But Text-aid-too is different:
- In addition to traditional HTML inputs, it also works for
contentEditableinputs (such as the GMail compose window).
- It updates the input's contents whenever the file is written/saved, so you can preview your changes as you go along.
contentEditableinputs (e.g. on Gmail) you can optionally use Markdown mark up, so you can write rich text GMail messages in Markdown (experimental, see below).
- The temporary file name has the appropriate extension for the input type (
.html, as appropriate). Therefore, your text editor can detect the file type appropriately.
- It checks inputs dynamically, so it works on sites (such as Google's Inbox)
which toggle the
The default keyboard shortcut is
<Ctrl-;>, but you can set your own keyboard
shortcut on the extension's options page.
The Easy Way
Install the extension from the Chrome Store.
Install the server (and its dependencies):
sudo npm install -g text-aid-too
Configure the port and shared secret on the extension's options page (optional, but required if you want to use a non-default port or a shared secret).
Then, launch the server; which might be something like...
export TEXT_AID_TOO_SECRET="<REPLACE-ME>" export TEXT_AID_TOO_EDITOR="gvim -f" # Use the default port (9293)... text-aid-too # Or... text-aid-too --port 9294
The editor command must not fork and exit. Its process must remain until the editor is closed. For example, don't set the editor to
gvim(which forks), set it to
gvim -fwhich runs in the foreground (or the equivalent for your favourite editor) instead.
If you get an error regarding the "d-bus daemon not running", then see this post.
Text-aid-too will not work with other text-aid servers. Those use HTTP, whereas Text-aid-too uses its own web-socket based protocol. This allows it to update the input's contents on-the-fly (that is, on file write).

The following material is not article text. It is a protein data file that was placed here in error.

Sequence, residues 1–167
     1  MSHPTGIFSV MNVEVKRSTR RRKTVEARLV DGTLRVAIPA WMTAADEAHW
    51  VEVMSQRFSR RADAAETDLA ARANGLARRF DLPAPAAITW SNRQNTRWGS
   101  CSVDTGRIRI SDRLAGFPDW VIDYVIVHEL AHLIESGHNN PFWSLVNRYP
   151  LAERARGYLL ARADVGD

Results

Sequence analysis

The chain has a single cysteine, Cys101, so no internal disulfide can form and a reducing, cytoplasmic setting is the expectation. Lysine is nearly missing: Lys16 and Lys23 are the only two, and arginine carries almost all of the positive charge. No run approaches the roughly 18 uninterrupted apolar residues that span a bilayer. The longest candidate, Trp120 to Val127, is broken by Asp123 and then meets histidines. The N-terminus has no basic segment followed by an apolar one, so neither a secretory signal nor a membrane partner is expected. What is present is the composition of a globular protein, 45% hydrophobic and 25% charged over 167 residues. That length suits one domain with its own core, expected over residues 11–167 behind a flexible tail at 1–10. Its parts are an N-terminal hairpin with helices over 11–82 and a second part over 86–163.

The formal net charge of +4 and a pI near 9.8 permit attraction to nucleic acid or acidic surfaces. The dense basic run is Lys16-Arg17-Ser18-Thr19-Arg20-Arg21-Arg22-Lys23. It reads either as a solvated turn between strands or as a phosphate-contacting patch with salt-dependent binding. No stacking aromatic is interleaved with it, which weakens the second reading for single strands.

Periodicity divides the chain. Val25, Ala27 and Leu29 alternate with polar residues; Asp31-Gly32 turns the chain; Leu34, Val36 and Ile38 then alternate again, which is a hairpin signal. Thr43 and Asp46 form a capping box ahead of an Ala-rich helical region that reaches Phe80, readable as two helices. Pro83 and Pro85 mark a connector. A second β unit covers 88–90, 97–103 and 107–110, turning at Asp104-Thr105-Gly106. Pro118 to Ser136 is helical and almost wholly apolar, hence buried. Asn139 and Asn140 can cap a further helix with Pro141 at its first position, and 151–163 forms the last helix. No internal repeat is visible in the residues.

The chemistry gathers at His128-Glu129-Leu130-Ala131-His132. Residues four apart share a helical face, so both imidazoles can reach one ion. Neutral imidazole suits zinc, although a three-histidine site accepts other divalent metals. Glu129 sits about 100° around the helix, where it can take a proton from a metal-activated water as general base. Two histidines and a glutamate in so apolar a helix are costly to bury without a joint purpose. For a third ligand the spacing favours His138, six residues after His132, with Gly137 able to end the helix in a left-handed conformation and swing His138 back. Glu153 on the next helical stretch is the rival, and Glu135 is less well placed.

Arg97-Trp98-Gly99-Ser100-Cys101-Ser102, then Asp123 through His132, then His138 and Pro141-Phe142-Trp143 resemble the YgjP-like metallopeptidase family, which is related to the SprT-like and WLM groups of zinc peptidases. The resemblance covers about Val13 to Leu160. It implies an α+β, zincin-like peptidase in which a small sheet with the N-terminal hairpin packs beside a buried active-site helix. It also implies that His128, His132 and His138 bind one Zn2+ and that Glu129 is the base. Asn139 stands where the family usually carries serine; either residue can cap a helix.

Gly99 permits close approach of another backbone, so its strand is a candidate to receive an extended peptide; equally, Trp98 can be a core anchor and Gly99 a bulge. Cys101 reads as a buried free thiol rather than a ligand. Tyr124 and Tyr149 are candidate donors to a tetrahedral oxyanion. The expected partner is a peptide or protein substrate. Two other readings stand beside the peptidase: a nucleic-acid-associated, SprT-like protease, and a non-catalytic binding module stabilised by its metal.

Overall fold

Automatically run as a background service
On GNU/Linux, Text-Aid-Too can be packaged in a systemd user service, so it is automatically started as a background process when you log in.
Create the unit file, and customize with your favorite editor:
mkdir -p ~/.config/systemd/user cat >~/.config/systemd/user/text-aid-too.service <<EOF [Unit] Description=Text-Aid-Too [Service] ExecStart=/usr/bin/text-aid-too Environment="TEXT_AID_TOO_SECRET=something-secret" Environment="TEXT_AID_TOO_EDITOR=sakura -e nvim" Environment="COLORTERM=1" Environment="DISPLAY=:0" [Install] WantedBy=default.target EOF
Protect your unit file, since it contains the password:
chmod 0600 ~/.config/systemd/user/text-aid-too.service
Enable the service for automatic startup:
systemctl --user daemon-reload systemctl --user start text-aid-too systemctl --user enable text-aid-too
Text-Aid-Too is now running as a service (and will be upon future boots). If needed, logs can be seen using:
journalctl --user-unit text-aid-too -f
The Hard Way
Clone the repo.
make build- you will need Coffeescript.
Install the server with
npm install -g ..
Run the server (as above).
Install the extension as an unpacked extension; it's in